Sitting down to watch the PlayStation Meeting 2013 press conference, I was doing my best to temper my excitement. It seemed very likely that a brand new PlayStation console would be announced, and I've been quite loyal to the Sony brand consoles (though this has a little more to do with how cost-ineffective it is to own multiple consoles).
And almost right away Andrew House announced the PS4. Amid a great amount of exciting rhetoric, the console was introduced as a something similar to a "Supercharged PC." Though it's difficult to have any idea how exactly this will play out, PC has been grounds for some of the most interesting and innovative games, so this could be exciting... with it's supposedly simple path from PC development.
It would seem like Sony's recent purchase of Gaikai will be put to use through the new PlayStation network along with social networking to make something very social and very cloud-centric. This may not be a system-selling feature, it is intriguing to me. Just think: remote game play with PS4 as a game server and PSVita as client. It sounds really cool, albeit very, very expensive.
When it comes down to it, though, I think we all just want a health supply of new, innovative (sorry for the buzzword) games as well as the games that remind us of our childhood. Hopefully, this innovation results in something other than a glut of low-brow shooters. I mean Killzone 4 looks freaking gorgeous, but I'm not even remotely interested in playing it.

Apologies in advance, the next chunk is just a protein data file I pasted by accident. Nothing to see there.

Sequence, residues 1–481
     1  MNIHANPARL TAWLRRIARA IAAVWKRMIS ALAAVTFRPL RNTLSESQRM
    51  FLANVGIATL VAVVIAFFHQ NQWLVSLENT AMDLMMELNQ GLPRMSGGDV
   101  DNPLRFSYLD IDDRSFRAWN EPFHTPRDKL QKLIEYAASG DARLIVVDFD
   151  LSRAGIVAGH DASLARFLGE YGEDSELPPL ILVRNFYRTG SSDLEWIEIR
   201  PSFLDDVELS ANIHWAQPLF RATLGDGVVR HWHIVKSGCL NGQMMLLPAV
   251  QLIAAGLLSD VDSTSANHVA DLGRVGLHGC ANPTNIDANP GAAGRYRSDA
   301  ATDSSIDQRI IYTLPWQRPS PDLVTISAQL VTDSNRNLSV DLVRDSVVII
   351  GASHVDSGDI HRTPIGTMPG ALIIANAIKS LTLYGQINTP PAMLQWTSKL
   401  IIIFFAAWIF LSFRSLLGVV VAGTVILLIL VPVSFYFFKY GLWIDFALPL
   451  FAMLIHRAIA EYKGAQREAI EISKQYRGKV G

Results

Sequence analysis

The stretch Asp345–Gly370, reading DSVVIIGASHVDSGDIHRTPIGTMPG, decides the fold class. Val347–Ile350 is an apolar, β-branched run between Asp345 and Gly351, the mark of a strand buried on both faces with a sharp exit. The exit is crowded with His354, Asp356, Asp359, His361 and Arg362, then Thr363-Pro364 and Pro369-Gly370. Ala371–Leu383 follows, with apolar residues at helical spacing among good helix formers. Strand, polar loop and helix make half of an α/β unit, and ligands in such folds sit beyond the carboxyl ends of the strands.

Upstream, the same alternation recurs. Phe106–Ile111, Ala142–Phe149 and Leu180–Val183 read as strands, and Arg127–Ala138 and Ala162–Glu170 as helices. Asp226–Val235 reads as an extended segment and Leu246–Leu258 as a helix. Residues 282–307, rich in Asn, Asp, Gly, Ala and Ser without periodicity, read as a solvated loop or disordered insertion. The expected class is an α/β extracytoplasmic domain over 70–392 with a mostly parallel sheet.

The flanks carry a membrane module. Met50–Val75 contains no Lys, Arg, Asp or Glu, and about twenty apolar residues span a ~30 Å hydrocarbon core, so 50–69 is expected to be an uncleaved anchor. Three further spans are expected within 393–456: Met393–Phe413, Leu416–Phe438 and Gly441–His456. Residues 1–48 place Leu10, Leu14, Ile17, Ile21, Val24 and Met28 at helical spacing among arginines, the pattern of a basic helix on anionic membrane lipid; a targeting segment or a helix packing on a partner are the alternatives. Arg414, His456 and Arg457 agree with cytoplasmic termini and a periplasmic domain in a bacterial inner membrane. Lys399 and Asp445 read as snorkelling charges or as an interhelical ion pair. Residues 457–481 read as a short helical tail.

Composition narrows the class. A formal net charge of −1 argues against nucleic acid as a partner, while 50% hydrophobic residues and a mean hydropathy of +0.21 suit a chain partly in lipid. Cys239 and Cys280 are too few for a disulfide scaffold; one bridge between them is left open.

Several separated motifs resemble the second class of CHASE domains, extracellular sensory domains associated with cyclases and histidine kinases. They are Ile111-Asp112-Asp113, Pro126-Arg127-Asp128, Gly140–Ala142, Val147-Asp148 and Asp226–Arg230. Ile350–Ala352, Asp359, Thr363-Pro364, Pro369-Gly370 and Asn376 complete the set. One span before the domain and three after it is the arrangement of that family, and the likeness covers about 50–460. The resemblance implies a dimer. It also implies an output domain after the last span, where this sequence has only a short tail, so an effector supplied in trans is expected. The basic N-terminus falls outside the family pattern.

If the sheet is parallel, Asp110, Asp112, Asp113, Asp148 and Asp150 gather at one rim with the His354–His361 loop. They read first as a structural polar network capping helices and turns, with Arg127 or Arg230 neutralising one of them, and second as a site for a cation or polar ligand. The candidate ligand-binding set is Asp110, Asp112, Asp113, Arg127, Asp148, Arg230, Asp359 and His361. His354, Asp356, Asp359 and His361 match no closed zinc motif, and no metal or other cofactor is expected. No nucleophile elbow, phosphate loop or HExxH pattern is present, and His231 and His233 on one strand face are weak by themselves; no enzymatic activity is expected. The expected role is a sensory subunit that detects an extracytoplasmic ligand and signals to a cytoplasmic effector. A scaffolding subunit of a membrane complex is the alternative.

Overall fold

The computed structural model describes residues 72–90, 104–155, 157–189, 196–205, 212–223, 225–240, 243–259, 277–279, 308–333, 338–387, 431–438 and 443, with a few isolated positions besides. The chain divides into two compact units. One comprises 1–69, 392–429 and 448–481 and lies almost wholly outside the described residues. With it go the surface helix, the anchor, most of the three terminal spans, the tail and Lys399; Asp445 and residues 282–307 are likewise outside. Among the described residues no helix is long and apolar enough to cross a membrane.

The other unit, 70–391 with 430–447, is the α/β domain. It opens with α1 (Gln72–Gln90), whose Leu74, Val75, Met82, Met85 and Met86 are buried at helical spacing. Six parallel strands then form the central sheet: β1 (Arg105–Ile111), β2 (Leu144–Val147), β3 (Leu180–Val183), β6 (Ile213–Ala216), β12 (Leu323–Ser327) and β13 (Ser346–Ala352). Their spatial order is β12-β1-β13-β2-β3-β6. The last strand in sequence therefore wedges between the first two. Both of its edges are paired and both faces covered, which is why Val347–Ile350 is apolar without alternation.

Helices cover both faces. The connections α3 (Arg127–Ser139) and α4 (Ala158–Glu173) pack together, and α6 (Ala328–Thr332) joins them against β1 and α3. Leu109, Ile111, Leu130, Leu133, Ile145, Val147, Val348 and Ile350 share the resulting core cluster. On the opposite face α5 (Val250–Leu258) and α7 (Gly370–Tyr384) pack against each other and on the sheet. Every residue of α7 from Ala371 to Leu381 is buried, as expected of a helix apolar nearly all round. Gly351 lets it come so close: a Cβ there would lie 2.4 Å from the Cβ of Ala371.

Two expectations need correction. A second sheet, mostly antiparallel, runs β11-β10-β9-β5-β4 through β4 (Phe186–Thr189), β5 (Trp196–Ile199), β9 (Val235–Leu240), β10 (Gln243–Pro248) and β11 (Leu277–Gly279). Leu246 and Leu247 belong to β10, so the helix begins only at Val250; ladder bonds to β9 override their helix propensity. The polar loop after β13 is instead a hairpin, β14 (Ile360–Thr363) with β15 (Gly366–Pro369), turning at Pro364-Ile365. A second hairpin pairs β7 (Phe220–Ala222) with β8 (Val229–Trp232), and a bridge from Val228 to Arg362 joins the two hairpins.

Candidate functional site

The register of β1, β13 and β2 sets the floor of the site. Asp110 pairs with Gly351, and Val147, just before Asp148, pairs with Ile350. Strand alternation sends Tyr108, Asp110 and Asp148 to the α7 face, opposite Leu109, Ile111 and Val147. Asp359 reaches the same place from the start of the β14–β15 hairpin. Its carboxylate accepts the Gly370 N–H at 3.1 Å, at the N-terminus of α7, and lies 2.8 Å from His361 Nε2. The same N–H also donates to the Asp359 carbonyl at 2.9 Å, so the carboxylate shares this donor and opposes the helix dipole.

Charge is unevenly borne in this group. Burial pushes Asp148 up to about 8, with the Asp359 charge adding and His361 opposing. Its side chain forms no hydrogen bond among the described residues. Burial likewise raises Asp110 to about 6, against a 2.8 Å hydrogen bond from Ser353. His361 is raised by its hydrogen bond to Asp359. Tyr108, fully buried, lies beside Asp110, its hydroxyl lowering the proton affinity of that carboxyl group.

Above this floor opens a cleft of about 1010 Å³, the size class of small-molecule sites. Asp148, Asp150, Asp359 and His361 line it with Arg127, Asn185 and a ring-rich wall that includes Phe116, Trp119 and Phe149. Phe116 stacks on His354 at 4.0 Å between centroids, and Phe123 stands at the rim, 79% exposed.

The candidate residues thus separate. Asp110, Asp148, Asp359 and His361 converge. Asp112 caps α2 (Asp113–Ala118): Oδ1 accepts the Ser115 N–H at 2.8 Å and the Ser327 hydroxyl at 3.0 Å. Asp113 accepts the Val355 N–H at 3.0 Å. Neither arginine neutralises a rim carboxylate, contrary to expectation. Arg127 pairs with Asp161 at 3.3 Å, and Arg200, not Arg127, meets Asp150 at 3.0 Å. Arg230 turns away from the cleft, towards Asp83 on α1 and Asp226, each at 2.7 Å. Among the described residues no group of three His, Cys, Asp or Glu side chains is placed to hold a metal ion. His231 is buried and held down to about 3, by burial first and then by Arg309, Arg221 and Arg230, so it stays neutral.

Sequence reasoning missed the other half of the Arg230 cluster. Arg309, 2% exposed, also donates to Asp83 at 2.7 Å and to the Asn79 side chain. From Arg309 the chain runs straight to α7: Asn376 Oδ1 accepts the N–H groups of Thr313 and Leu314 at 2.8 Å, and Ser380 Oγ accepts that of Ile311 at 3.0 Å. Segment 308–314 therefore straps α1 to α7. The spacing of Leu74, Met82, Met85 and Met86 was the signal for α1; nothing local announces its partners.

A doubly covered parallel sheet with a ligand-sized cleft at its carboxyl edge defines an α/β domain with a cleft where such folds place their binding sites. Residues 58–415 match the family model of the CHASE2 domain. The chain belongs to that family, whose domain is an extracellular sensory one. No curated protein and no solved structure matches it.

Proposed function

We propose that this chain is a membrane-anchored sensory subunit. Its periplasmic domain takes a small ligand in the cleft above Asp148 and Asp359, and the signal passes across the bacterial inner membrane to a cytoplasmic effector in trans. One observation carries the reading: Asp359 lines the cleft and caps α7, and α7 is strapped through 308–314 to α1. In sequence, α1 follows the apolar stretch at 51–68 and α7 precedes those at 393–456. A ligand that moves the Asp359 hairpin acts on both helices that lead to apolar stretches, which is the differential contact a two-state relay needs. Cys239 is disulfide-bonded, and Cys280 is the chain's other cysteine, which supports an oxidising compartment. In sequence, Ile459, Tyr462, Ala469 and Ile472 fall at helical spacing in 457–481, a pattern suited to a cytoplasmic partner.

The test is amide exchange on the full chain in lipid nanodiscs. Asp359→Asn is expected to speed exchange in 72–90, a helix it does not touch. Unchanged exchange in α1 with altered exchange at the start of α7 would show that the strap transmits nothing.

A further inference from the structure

Jonathan Blow's The Witness looks like it could be the sort of experience that I could get excited about. His interesting game Braid was really interesting, and I appreciate his valiant attempts to do very new things. The brand new tailor for the game communicates a great deal of whimsy and wonder, and I hope that the finished product is the sort of game that inspires a sense of adventure, which very few games do.
Of course, inspiring emotion is the very goal that game creator David Cage has attempted, with varied levels of success, for years. He draws a connection between video games and film. Film required technological advancement to reach the point where emotion could be communicated effectively. He makes the claim that the PS4 (and, I guess, the coming console generation) will mirror that technological tipping point. The tech demo that he showed thereafter made a strong argument for his point, though a slightly creepy one.
Ubisoft's Watch Dogs doesn't appear, at first glance, to be remarkable, but I think that an open world game is the perfect canvas upon which to exercise some computational muscle. The game is about a "smart city" that would ideally be filled with large numbers of unpredictable entities.
Of course, there were a number of other partners that turned up for the press conference (not the least of which were Square Enix, Blizzard, and Bungie), showing short clips and tech demos that really excited me.
And the PS4 is coming during the holiday season at the end of 2013. How excited are you for this?